Based on kernel version 4.2. Page generated on 2015-09-09 12:15 EST.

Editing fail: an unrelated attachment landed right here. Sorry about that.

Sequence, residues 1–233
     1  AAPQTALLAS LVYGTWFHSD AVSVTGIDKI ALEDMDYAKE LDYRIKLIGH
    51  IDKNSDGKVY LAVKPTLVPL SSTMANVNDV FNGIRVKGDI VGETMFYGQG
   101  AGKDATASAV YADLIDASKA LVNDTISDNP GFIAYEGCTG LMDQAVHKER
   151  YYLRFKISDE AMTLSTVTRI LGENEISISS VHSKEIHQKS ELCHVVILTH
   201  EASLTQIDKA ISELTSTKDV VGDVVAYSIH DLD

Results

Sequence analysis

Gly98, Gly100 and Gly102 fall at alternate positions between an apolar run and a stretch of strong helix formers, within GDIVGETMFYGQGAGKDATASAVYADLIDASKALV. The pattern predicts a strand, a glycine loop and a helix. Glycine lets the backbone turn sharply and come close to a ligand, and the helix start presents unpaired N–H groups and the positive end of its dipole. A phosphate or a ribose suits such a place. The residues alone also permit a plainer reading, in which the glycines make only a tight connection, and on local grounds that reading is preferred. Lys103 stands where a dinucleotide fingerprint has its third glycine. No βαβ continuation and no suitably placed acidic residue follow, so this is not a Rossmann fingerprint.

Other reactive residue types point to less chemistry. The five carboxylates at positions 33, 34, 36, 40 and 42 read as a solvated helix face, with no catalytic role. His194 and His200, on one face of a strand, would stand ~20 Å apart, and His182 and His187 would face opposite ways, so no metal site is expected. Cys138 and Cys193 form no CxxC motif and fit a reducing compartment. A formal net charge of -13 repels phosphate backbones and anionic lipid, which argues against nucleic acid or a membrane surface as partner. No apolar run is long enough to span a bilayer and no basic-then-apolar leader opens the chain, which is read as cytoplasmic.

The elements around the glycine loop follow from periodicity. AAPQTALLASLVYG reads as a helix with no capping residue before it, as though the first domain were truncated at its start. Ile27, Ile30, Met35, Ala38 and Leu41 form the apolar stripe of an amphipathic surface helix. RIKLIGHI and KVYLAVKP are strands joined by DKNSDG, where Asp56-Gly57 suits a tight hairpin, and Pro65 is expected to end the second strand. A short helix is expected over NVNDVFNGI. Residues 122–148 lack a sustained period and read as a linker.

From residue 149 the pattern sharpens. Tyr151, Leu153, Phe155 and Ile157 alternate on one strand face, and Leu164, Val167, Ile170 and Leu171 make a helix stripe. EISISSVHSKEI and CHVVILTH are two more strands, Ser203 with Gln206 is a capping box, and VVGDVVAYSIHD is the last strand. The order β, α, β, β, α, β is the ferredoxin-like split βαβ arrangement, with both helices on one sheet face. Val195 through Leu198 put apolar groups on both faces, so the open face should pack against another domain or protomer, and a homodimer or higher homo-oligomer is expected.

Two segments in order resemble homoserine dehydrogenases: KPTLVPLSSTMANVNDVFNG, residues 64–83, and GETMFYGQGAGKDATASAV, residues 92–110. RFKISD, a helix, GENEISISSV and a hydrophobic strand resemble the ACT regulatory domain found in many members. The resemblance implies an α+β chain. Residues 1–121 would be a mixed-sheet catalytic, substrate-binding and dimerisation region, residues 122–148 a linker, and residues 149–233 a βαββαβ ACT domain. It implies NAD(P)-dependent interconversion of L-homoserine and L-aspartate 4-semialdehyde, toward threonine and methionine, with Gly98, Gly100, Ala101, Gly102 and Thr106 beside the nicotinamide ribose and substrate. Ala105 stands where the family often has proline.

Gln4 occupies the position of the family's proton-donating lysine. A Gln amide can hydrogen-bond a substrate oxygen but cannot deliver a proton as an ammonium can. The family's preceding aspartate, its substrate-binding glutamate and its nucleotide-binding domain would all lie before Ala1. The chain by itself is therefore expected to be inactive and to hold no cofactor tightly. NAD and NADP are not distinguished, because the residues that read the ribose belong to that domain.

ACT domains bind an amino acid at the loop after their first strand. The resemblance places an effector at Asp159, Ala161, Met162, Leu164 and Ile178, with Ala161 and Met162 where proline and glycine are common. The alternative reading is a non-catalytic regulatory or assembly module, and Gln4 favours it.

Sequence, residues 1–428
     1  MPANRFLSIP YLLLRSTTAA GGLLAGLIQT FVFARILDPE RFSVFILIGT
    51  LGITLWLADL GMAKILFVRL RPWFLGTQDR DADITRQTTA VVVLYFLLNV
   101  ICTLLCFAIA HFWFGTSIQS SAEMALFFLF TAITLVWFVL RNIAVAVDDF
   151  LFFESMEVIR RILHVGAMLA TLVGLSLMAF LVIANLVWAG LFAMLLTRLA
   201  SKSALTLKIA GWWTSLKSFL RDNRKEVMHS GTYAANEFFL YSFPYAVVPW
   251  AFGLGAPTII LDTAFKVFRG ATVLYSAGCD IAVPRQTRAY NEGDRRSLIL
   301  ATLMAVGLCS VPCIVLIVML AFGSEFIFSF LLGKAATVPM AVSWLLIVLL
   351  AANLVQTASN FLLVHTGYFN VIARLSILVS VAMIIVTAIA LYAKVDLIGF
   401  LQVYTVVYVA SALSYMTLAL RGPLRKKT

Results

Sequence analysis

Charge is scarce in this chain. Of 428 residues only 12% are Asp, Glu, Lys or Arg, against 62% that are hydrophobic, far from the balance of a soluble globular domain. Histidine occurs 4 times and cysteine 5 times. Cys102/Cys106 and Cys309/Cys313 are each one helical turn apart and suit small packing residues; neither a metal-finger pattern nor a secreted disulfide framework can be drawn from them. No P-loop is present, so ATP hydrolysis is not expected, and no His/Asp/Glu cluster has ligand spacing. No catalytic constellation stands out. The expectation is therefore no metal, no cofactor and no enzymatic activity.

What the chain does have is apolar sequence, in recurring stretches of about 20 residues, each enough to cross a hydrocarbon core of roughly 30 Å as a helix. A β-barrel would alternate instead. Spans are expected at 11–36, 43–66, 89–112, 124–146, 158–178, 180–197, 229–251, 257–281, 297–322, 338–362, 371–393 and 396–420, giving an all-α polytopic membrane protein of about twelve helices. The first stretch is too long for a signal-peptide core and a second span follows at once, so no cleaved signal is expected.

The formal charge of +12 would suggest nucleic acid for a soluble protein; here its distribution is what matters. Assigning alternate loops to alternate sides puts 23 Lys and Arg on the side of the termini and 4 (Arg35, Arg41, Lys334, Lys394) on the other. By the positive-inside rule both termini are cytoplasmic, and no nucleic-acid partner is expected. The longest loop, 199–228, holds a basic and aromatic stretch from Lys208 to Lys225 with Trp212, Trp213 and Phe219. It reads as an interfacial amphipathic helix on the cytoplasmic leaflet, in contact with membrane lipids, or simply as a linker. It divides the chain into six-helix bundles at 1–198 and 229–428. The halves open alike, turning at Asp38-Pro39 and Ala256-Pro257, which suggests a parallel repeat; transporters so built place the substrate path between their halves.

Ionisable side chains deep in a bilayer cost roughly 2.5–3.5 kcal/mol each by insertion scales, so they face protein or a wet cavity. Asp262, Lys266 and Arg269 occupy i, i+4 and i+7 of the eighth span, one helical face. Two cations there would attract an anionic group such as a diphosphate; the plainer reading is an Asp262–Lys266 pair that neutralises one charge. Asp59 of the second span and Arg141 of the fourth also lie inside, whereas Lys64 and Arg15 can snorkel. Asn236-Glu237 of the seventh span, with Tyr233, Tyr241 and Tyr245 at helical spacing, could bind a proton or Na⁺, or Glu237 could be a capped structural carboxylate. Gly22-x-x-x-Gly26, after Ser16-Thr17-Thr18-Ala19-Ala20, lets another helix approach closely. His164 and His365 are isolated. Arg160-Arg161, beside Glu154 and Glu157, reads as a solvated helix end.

1 The x86 kvm shadow mmu 2 ====================== 3 4 The mmu (in arch/x86/kvm, files mmu.[ch] and paging_tmpl.h) is responsible 5 for presenting a standard x86 mmu to the guest, while translating guest 6 physical addresses to host physical addresses. 7 8 The mmu code attempts to satisfy the following requirements: 9 10 - correctness: the guest should not be able to determine that it is running 11 on an emulated mmu except for timing (we attempt to comply 12 with the specification, not emulate the characteristics of 13 a particular implementation such as tlb size) 14 - security: the guest must not be able to touch host memory not assigned 15 to it 16 - performance: minimize the performance penalty imposed by the mmu 17 - scaling: need to scale to large memory and large vcpu guests 18 - hardware: support the full range of x86 virtualization hardware 19 - integration: Linux memory management code must be in control of guest memory 20 so that swapping, page migration, page merging, transparent 21 hugepages, and similar features work without change 22 - dirty tracking: report writes to guest memory to enable live migration 23 and framebuffer-based displays 24 - footprint: keep the amount of pinned kernel memory low (most memory 25 should be shrinkable) 26 - reliability: avoid multipage or GFP_ATOMIC allocations 27 28 Acronyms 29 ======== 30 31 pfn host page frame number 32 hpa host physical address 33 hva host virtual address 34 gfn guest frame number 35 gpa guest physical address 36 gva guest virtual address 37 ngpa nested guest physical address 38 ngva nested guest virtual address 39 pte page table entry (used also to refer generically to paging structure 40 entries) 41 gpte guest pte (referring to gfns) 42 spte shadow pte (referring to pfns) 43 tdp two dimensional paging (vendor neutral term for NPT and EPT) 44 45 Virtual and real hardware supported 46 =================================== 47 48 The mmu supports first-generation mmu hardware, which allows an atomic switch 49 of the current paging mode and cr3 during guest entry, as well as 50 two-dimensional paging (AMD's NPT and Intel's EPT). The emulated hardware 51 it exposes is the traditional 2/3/4 level x86 mmu, with support for global 52 pages, pae, pse, pse36, cr0.wp, and 1GB pages. Work is in progress to support 53 exposing NPT capable hardware on NPT capable hosts. 54 55 Translation 56 =========== 57 58 The primary job of the mmu is to program the processor's mmu to translate 59 addresses for the guest. Different translations are required at different 60 times: 61 62 - when guest paging is disabled, we translate guest physical addresses to 63 host physical addresses (gpa->hpa) 64 - when guest paging is enabled, we translate guest virtual addresses, to 65 guest physical addresses, to host physical addresses (gva->gpa->hpa) 66 - when the guest launches a guest of its own, we translate nested guest 67 virtual addresses, to nested guest physical addresses, to guest physical 68 addresses, to host physical addresses (ngva->ngpa->gpa->hpa) 69 70 The primary challenge is to encode between 1 and 3 translations into hardware 71 that support only 1 (traditional) and 2 (tdp) translations. When the 72 number of required translations matches the hardware, the mmu operates in 73 direct mode; otherwise it operates in shadow mode (see below). 74 75 Memory 76 ====== 77 78 Guest memory (gpa) is part of the user address space of the process that is 79 using kvm. Userspace defines the translation between guest addresses and user 80 addresses (gpa->hva); note that two gpas may alias to the same hva, but not 81 vice versa. 82 83 These hvas may be backed using any method available to the host: anonymous 84 memory, file backed memory, and device memory. Memory might be paged by the 85 host at any time. 86 87 Events 88 ====== 89 90 The mmu is driven by events, some from the guest, some from the host. 91 92 Guest generated events: 93 - writes to control registers (especially cr3) 94 - invlpg/invlpga instruction execution 95 - access to missing or protected translations 96 97 Host generated events: 98 - changes in the gpa->hpa translation (either through gpa->hva changes or 99 through hva->hpa changes) 100 - memory pressure (the shrinker) 101 102 Shadow pages 103 ============ 104 105 The principal data structure is the shadow page, 'struct kvm_mmu_page'. A 106 shadow page contains 512 sptes, which can be either leaf or nonleaf sptes. A 107 shadow page may contain a mix of leaf and nonleaf sptes. 108 109 A nonleaf spte allows the hardware mmu to reach the leaf pages and 110 is not related to a translation directly. It points to other shadow pages. 111 112 A leaf spte corresponds to either one or two translations encoded into 113 one paging structure entry. These are always the lowest level of the 114 translation stack, with optional higher level translations left to NPT/EPT. 115 Leaf ptes point at guest pages. 116 117 The following table shows translations encoded by leaf ptes, with higher-level 118 translations in parentheses: 119 120 Non-nested guests: 121 nonpaging: gpa->hpa 122 paging: gva->gpa->hpa 123 paging, tdp: (gva->)gpa->hpa 124 Nested guests: 125 non-tdp: ngva->gpa->hpa (*) 126 tdp: (ngva->)ngpa->gpa->hpa 127 128 (*) the guest hypervisor will encode the ngva->gpa translation into its page 129 tables if npt is not present 130 131 Shadow pages contain the following information: 132 role.level: 133 The level in the shadow paging hierarchy that this shadow page belongs to. 134 1=4k sptes, 2=2M sptes, 3=1G sptes, etc. 135 role.direct: 136 If set, leaf sptes reachable from this page are for a linear range. 137 Examples include real mode translation, large guest pages backed by small 138 host pages, and gpa->hpa translations when NPT or EPT is active. 139 The linear range starts at (gfn << PAGE_SHIFT) and its size is determined 140 by role.level (2MB for first level, 1GB for second level, 0.5TB for third 141 level, 256TB for fourth level) 142 If clear, this page corresponds to a guest page table denoted by the gfn 143 field. 144 role.quadrant: 145 When role.cr4_pae=0, the guest uses 32-bit gptes while the host uses 64-bit 146 sptes. That means a guest page table contains more ptes than the host, 147 so multiple shadow pages are needed to shadow one guest page. 148 For first-level shadow pages, role.quadrant can be 0 or 1 and denotes the 149 first or second 512-gpte block in the guest page table. For second-level 150 page tables, each 32-bit gpte is converted to two 64-bit sptes 151 (since each first-level guest page is shadowed by two first-level 152 shadow pages) so role.quadrant takes values in the range 0..3. Each 153 quadrant maps 1GB virtual address space. 154 role.access: 155 Inherited guest access permissions in the form uwx. Note execute 156 permission is positive, not negative. 157 role.invalid: 158 The page is invalid and should not be used. It is a root page that is 159 currently pinned (by a cpu hardware register pointing to it); once it is 160 unpinned it will be destroyed. 161 role.cr4_pae: 162 Contains the value of cr4.pae for which the page is valid (e.g. whether 163 32-bit or 64-bit gptes are in use). 164 role.nxe: 165 Contains the value of efer.nxe for which the page is valid. 166 role.cr0_wp: 167 Contains the value of cr0.wp for which the page is valid. 168 role.smep_andnot_wp: 169 Contains the value of cr4.smep && !cr0.wp for which the page is valid 170 (pages for which this is true are different from other pages; see the 171 treatment of cr0.wp=0 below). 172 role.smap_andnot_wp: 173 Contains the value of cr4.smap && !cr0.wp for which the page is valid 174 (pages for which this is true are different from other pages; see the 175 treatment of cr0.wp=0 below). 176 role.smm: 177 Is 1 if the page is valid in system management mode. This field 178 determines which of the kvm_memslots array was used to build this 179 shadow page; it is also used to go back from a struct kvm_mmu_page 180 to a memslot, through the kvm_memslots_for_spte_role macro and 181 __gfn_to_memslot. 182 gfn: 183 Either the guest page table containing the translations shadowed by this 184 page, or the base page frame for linear translations. See role.direct. 185 spt: 186 A pageful of 64-bit sptes containing the translations for this page. 187 Accessed by both kvm and hardware. 188 The page pointed to by spt will have its page->private pointing back 189 at the shadow page structure. 190 sptes in spt point either at guest pages, or at lower-level shadow pages. 191 Specifically, if sp1 and sp2 are shadow pages, then sp1->spt[n] may point 192 at __pa(sp2->spt). sp2 will point back at sp1 through parent_pte. 193 The spt array forms a DAG structure with the shadow page as a node, and 194 guest pages as leaves. 195 gfns: 196 An array of 512 guest frame numbers, one for each present pte. Used to 197 perform a reverse map from a pte to a gfn. When role.direct is set, any 198 element of this array can be calculated from the gfn field when used, in 199 this case, the array of gfns is not allocated. See role.direct and gfn. 200 root_count: 201 A counter keeping track of how many hardware registers (guest cr3 or 202 pdptrs) are now pointing at the page. While this counter is nonzero, the 203 page cannot be destroyed. See role.invalid. 204 parent_ptes: 205 The reverse mapping for the pte/ptes pointing at this page's spt. If 206 parent_ptes bit 0 is zero, only one spte points at this pages and 207 parent_ptes points at this single spte, otherwise, there exists multiple 208 sptes pointing at this page and (parent_ptes & ~0x1) points at a data 209 structure with a list of parent_ptes. 210 unsync: 211 If true, then the translations in this page may not match the guest's 212 translation. This is equivalent to the state of the tlb when a pte is 213 changed but before the tlb entry is flushed. Accordingly, unsync ptes 214 are synchronized when the guest executes invlpg or flushes its tlb by 215 other means. Valid for leaf pages. 216 unsync_children: 217 How many sptes in the page point at pages that are unsync (or have 218 unsynchronized children). 219 unsync_child_bitmap: 220 A bitmap indicating which sptes in spt point (directly or indirectly) at 221 pages that may be unsynchronized. Used to quickly locate all unsychronized 222 pages reachable from a given page. 223 mmu_valid_gen: 224 Generation number of the page. It is compared with kvm->arch.mmu_valid_gen 225 during hash table lookup, and used to skip invalidated shadow pages (see 226 "Zapping all pages" below.) 227 clear_spte_count: 228 Only present on 32-bit hosts, where a 64-bit spte cannot be written 229 atomically. The reader uses this while running out of the MMU lock 230 to detect in-progress updates and retry them until the writer has 231 finished the write. 232 write_flooding_count: 233 A guest may write to a page table many times, causing a lot of 234 emulations if the page needs to be write-protected (see "Synchronized 235 and unsynchronized pages" below). Leaf pages can be unsynchronized 236 so that they do not trigger frequent emulation, but this is not 237 possible for non-leafs. This field counts the number of emulations 238 since the last time the page table was actually used; if emulation 239 is triggered too frequently on this page, KVM will unmap the page 240 to avoid emulation in the future. 241 242 Reverse map 243 =========== 244 245 The mmu maintains a reverse mapping whereby all ptes mapping a page can be 246 reached given its gfn. This is used, for example, when swapping out a page. 247 248 Synchronized and unsynchronized pages 249 ===================================== 250 251 The guest uses two events to synchronize its tlb and page tables: tlb flushes 252 and page invalidations (invlpg). 253 254 A tlb flush means that we need to synchronize all sptes reachable from the 255 guest's cr3. This is expensive, so we keep all guest page tables write 256 protected, and synchronize sptes to gptes when a gpte is written. 257 258 A special case is when a guest page table is reachable from the current 259 guest cr3. In this case, the guest is obliged to issue an invlpg instruction 260 before using the translation. We take advantage of that by removing write 261 protection from the guest page, and allowing the guest to modify it freely. 262 We synchronize modified gptes when the guest invokes invlpg. This reduces 263 the amount of emulation we have to do when the guest modifies multiple gptes, 264 or when the a guest page is no longer used as a page table and is used for 265 random guest data. 266 267 As a side effect we have to resynchronize all reachable unsynchronized shadow 268 pages on a tlb flush. 269 270 271 Reaction to events 272 ================== 273 274 - guest page fault (or npt page fault, or ept violation) 275 276 This is the most complicated event. The cause of a page fault can be: 277 278 - a true guest fault (the guest translation won't allow the access) (*) 279 - access to a missing translation 280 - access to a protected translation 281 - when logging dirty pages, memory is write protected 282 - synchronized shadow pages are write protected (*) 283 - access to untranslatable memory (mmio) 284 285 (*) not applicable in direct mode 286 287 Handling a page fault is performed as follows: 288 289 - if the RSV bit of the error code is set, the page fault is caused by guest 290 accessing MMIO and cached MMIO information is available. 291 - walk shadow page table 292 - check for valid generation number in the spte (see "Fast invalidation of 293 MMIO sptes" below) 294 - cache the information to vcpu->arch.mmio_gva, vcpu->arch.access and 295 vcpu->arch.mmio_gfn, and call the emulator 296 - If both P bit and R/W bit of error code are set, this could possibly 297 be handled as a "fast page fault" (fixed without taking the MMU lock). See 298 the description in Documentation/virtual/kvm/locking.txt. 299 - if needed, walk the guest page tables to determine the guest translation 300 (gva->gpa or ngpa->gpa) 301 - if permissions are insufficient, reflect the fault back to the guest 302 - determine the host page 303 - if this is an mmio request, there is no host page; cache the info to 304 vcpu->arch.mmio_gva, vcpu->arch.access and vcpu->arch.mmio_gfn 305 - walk the shadow page table to find the spte for the translation, 306 instantiating missing intermediate page tables as necessary 307 - If this is an mmio request, cache the mmio info to the spte and set some 308 reserved bit on the spte (see callers of kvm_mmu_set_mmio_spte_mask) 309 - try to unsynchronize the page 310 - if successful, we can let the guest continue and modify the gpte 311 - emulate the instruction 312 - if failed, unshadow the page and let the guest continue 313 - update any translations that were modified by the instruction 314 315 invlpg handling: 316 317 - walk the shadow page hierarchy and drop affected translations 318 - try to reinstantiate the indicated translation in the hope that the 319 guest will use it in the near future 320 321 Guest control register updates: 322 323 - mov to cr3 324 - look up new shadow roots 325 - synchronize newly reachable shadow pages 326 327 - mov to cr0/cr4/efer 328 - set up mmu context for new paging mode 329 - look up new shadow roots 330 - synchronize newly reachable shadow pages 331 332 Host translation updates: 333 334 - mmu notifier called with updated hva 335 - look up affected sptes through reverse map 336 - drop (or update) translations 337 338 Emulating cr0.wp 339 ================ 340 341 If tdp is not enabled, the host must keep cr0.wp=1 so page write protection 342 works for the guest kernel, not guest guest userspace. When the guest 343 cr0.wp=1, this does not present a problem. However when the guest cr0.wp=0, 344 we cannot map the permissions for gpte.u=1, gpte.w=0 to any spte (the 345 semantics require allowing any guest kernel access plus user read access). 346 347 We handle this by mapping the permissions to two possible sptes, depending 348 on fault type: 349 350 - kernel write fault: spte.u=0, spte.w=1 (allows full kernel access, 351 disallows user access) 352 - read fault: spte.u=1, spte.w=0 (allows full read access, disallows kernel 353 write access) 354 355 (user write faults generate a #PF) 356 357 In the first case there are two additional complications: 358 - if CR4.SMEP is enabled: since we've turned the page into a kernel page, 359 the kernel may now execute it. We handle this by also setting spte.nx. 360 If we get a user fetch or read fault, we'll change spte.u=1 and 361 spte.nx=gpte.nx back. 362 - if CR4.SMAP is disabled: since the page has been changed to a kernel 363 page, it can not be reused when CR4.SMAP is enabled. We set 364 CR4.SMAP && !CR0.WP into shadow page's role to avoid this case. Note, 365 here we do not care the case that CR4.SMAP is enabled since KVM will 366 directly inject #PF to guest due to failed permission check. 367 368 To prevent an spte that was converted into a kernel page with cr0.wp=0 369 from being written by the kernel after cr0.wp has changed to 1, we make 370 the value of cr0.wp part of the page role. This means that an spte created 371 with one value of cr0.wp cannot be used when cr0.wp has a different value - 372 it will simply be missed by the shadow page lookup code. A similar issue 373 exists when an spte created with cr0.wp=0 and cr4.smep=0 is used after 374 changing cr4.smep to 1. To avoid this, the value of !cr0.wp && cr4.smep 375 is also made a part of the page role. 376 377 Large pages 378 =========== 379 380 The mmu supports all combinations of large and small guest and host pages. 381 Supported page sizes include 4k, 2M, 4M, and 1G. 4M pages are treated as 382 two separate 2M pages, on both guest and host, since the mmu always uses PAE 383 paging. 384 385 To instantiate a large spte, four constraints must be satisfied: 386 387 - the spte must point to a large host page 388 - the guest pte must be a large pte of at least equivalent size (if tdp is 389 enabled, there is no guest pte and this condition is satisfied) 390 - if the spte will be writeable, the large page frame may not overlap any 391 write-protected pages 392 - the guest page must be wholly contained by a single memory slot 393 394 To check the last two conditions, the mmu maintains a ->write_count set of 395 arrays for each memory slot and large page size. Every write protected page 396 causes its write_count to be incremented, thus preventing instantiation of 397 a large spte. The frames at the end of an unaligned memory slot have 398 artificially inflated ->write_counts so they can never be instantiated. 399 400 Zapping all pages (page generation count) 401 ========================================= 402 403 For the large memory guests, walking and zapping all pages is really slow 404 (because there are a lot of pages), and also blocks memory accesses of 405 all VCPUs because it needs to hold the MMU lock. 406 407 To make it be more scalable, kvm maintains a global generation number 408 which is stored in kvm->arch.mmu_valid_gen. Every shadow page stores 409 the current global generation-number into sp->mmu_valid_gen when it 410 is created. Pages with a mismatching generation number are "obsolete". 411 412 When KVM need zap all shadow pages sptes, it just simply increases the global 413 generation-number then reload root shadow pages on all vcpus. As the VCPUs 414 create new shadow page tables, the old pages are not used because of the 415 mismatching generation number. 416 417 KVM then walks through all pages and zaps obsolete pages. While the zap 418 operation needs to take the MMU lock, the lock can be released periodically 419 so that the VCPUs can make progress. 420 421 Fast invalidation of MMIO sptes 422 =============================== 423 424 As mentioned in "Reaction to events" above, kvm will cache MMIO 425 information in leaf sptes. When a new memslot is added or an existing 426 memslot is changed, this information may become stale and needs to be 427 invalidated. This also needs to hold the MMU lock while walking all 428 shadow pages, and is made more scalable with a similar technique. 429 430 MMIO sptes have a few spare bits, which are used to store a 431 generation number. The global generation number is stored in 432 kvm_memslots(kvm)->generation, and increased whenever guest memory info 433 changes. This generation number is distinct from the one described in 434 the previous section. 435 436 When KVM finds an MMIO spte, it checks the generation number of the spte. 437 If the generation number of the spte does not equal the global generation 438 number, it will ignore the cached MMIO information and handle the page 439 fault through the slow path. 440 441 Since only 19 bits are used to store generation-number on mmio spte, all 442 pages are zapped when there is an overflow. 443 444 Unfortunately, a single memory access might access kvm_memslots(kvm) multiple 445 times, the last one happening when the generation number is retrieved and 446 stored into the MMIO spte. Thus, the MMIO spte might be created based on 447 out-of-date information, but with an up-to-date generation number. 448 449 To avoid this, the generation number is incremented again after synchronize_srcu 450 returns; thus, the low bit of kvm_memslots(kvm)->generation is only 1 during a 451 memslot update, while some SRCU readers might be using the old copy. We do not 452 want to use an MMIO sptes created with an odd generation number, and we can do 453 this without losing a bit in the MMIO spte. The low bit of the generation 454 is not stored in MMIO spte, and presumed zero when it is extracted out of the 455 spte. If KVM is unlucky and creates an MMIO spte while the low bit is 1, 456 the next access to the spte will always be a cache miss. 457 458 459 Further reading 460 =============== 461 462 - NPT presentation from KVM Forum 2008 463 http://www.linux-kvm.org/wiki/images/c/c8/KvmForum2008%24kdf2008_21.pdf